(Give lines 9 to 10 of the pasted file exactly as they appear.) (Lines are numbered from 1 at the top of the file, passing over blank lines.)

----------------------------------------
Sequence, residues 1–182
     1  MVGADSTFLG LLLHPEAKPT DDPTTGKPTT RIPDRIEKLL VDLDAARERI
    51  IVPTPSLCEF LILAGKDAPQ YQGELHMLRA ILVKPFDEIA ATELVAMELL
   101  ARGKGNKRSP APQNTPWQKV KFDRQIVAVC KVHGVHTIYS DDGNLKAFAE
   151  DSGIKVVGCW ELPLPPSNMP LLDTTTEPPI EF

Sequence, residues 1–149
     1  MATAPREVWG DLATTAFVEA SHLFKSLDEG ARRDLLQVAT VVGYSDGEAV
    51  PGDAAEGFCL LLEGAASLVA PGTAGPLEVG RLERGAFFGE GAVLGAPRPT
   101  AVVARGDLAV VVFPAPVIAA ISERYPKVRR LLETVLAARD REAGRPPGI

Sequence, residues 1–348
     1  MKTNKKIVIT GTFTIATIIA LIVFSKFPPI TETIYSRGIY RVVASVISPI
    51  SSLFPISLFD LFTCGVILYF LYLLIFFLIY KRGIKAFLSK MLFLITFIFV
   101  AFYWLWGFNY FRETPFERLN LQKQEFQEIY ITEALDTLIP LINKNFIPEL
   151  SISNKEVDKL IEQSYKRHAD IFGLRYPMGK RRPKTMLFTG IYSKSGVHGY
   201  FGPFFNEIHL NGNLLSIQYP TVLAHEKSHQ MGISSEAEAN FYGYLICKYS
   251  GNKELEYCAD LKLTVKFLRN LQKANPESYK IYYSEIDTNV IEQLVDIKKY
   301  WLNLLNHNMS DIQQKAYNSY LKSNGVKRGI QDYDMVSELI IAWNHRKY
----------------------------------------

   101  AVVARGDLAV VVFPAPVIAA ISERYPKVRR LLETVLAARD REAGRPPGI

Sequence, residues 1–348